Praxis Community Projects


Latest news from Praxis

It's Going To Take More Than An Apology To Put Right The Windrush Scandal

23rd August 2018

The government’s apology to 18 people from the Caribbean who were wrongfully detained and removed from the UK as part of the Windrush scandal is a step in the right direction, but rings rather hollow given the true scale and nature of the underlying problems.

Despite the significant public exposure of its failings - its high error rate, appalling treatment and disrespect of all who come into contact with the immigration system - the government wants to portray the mistreatment of Windrush residents as an isolated incident, rather than the result of a deliberate and systemic exclusion and a culture of disbelief, driving refusal and deportation targets. The suggestion that only 18 people merit an apology is laughable – the government itself is investigating another 164 cases and what faith can any of us have in its analysis when the Home Office is known to have a significant error rate. 

The focus has been on people from the Caribbean but the problem is far wider and deeper affecting many long-term residents from other areas, particularly but not exclusively other Commonwealth countries. Proper independent scrutiny and review of Home Office decision making and procedures is required. We need a properly funded independent outreach programme and free legal advice to help identify all those whose lives have been ripped apart by the brutal system that has been developed in the UK. Many people have been driven onto the streets or forced into a twilight existence. The new Home Office dedicated Windrush Unit is unable to meet the original promise of resolving cases in two weeks, and as people wait for a response they remain destitute, unable to work or find accommodation. Charitable support is what keeps many victims of the Windrush Scandal going in the absence of any interim payments or support.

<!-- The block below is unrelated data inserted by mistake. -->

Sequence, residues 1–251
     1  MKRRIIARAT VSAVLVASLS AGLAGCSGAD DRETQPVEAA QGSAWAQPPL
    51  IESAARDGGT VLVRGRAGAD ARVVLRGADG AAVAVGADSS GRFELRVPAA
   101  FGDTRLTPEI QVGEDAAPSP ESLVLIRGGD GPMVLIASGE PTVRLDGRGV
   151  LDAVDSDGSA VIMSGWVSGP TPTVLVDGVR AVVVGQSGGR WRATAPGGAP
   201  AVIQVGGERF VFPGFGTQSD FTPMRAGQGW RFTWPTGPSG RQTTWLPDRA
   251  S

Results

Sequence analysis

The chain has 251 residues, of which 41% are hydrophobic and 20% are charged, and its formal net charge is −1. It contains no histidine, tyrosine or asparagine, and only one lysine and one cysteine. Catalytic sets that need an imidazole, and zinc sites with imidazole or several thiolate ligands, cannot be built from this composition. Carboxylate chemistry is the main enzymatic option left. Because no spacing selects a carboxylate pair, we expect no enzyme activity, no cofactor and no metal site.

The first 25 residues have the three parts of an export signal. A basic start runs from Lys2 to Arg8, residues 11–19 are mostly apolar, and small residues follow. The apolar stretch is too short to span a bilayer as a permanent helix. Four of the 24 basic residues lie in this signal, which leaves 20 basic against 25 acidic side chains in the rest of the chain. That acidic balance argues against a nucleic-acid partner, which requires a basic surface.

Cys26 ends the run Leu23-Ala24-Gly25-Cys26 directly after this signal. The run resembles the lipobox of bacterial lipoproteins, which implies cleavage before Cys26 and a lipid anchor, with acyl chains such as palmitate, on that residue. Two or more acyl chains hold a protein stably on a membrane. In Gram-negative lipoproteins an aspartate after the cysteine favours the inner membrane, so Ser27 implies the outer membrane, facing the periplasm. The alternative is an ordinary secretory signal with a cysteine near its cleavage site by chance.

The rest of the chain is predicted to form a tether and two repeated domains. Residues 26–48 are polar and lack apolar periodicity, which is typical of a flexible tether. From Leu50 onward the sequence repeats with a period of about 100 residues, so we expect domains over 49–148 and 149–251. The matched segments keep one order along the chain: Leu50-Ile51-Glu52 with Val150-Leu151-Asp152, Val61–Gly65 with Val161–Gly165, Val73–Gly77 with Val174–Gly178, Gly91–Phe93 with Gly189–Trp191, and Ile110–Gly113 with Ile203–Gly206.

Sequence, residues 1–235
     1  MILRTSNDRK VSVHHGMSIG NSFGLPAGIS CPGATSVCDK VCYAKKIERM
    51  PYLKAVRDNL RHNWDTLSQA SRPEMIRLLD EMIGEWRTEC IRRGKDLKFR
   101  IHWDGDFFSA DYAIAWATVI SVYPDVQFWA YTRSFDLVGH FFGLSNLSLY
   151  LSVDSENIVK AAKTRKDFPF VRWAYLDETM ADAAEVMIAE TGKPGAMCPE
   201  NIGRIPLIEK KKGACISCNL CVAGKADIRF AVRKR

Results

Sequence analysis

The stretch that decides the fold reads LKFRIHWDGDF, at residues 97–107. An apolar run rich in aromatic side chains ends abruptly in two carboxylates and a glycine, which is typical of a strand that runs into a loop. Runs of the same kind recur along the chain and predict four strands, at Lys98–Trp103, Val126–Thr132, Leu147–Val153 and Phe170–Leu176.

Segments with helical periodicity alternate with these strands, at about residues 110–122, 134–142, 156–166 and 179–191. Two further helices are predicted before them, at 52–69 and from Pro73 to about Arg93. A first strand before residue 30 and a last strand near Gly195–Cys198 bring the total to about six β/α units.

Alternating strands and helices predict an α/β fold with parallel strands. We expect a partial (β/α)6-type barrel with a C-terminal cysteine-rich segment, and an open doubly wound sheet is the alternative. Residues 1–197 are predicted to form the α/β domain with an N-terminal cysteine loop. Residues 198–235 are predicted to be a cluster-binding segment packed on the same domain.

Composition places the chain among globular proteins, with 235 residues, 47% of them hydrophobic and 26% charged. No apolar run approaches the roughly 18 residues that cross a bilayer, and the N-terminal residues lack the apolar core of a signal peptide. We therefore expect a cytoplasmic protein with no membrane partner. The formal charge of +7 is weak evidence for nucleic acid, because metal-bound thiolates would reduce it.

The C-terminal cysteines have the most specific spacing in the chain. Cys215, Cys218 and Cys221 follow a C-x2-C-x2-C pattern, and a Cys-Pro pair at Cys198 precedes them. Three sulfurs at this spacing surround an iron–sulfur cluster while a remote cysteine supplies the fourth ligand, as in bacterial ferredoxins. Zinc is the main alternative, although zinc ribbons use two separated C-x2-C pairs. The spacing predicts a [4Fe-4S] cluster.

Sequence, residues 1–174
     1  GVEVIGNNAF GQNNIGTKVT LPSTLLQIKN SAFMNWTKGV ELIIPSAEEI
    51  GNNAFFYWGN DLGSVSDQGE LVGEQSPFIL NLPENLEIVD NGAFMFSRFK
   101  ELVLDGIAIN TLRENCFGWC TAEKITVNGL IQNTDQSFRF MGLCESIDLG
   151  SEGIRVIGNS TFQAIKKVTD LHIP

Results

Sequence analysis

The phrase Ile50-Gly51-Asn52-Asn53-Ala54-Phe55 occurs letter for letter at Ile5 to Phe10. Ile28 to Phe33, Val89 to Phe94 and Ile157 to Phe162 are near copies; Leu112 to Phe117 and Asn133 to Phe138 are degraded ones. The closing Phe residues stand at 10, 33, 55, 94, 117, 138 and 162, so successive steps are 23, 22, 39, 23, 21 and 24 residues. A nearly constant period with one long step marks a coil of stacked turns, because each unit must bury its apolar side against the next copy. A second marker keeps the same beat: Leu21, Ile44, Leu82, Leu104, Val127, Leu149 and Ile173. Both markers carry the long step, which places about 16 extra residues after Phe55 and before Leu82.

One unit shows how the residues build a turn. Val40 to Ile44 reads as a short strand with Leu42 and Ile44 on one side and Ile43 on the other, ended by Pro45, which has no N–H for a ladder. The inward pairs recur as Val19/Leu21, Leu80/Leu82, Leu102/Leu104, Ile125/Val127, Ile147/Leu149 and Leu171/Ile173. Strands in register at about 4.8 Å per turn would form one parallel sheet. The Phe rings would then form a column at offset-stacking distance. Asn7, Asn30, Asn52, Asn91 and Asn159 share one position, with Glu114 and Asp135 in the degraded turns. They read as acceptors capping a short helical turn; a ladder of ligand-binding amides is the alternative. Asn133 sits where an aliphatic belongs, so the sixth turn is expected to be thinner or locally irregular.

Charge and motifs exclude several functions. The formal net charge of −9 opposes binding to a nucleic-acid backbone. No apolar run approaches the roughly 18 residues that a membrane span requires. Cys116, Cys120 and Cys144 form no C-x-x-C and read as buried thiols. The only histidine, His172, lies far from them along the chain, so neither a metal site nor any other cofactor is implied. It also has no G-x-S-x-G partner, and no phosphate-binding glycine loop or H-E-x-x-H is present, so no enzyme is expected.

As yet there is no clarity on the compensation scheme, and here we may have some sympathy – how can a fair price be set for the disruption, ill health and monumental suffering that has been caused. Families ripped asunder. People driven out of their homes.  Jobs lost. Savings swallowed up. Debts incurred. Emotional and physical health destroyed.

Over 2,000 people have now been seen by the Home Office Windrush Unit but those of us in the field know that there are many more affected and academics have estimated that the number could be up to 50,000. Some will not yet know of the time bomb that awaits when they seek medical help or change of job and find that the new ‘hostile environment’ measures are there to ensnare them. The ‘hostile environment’ doesn’t apply just to long-term residents from the Windrush generation: for example, thousands of young British born children entitled to register as British citizens under the British Nationality Act of 1981 are prevented from doing so because they are required to pay an extortionate fee of over £1,000 – these are young people with no rights to work or study, wasting their potential because of government profiteering. The cost of processing applications is significantly less than the fee.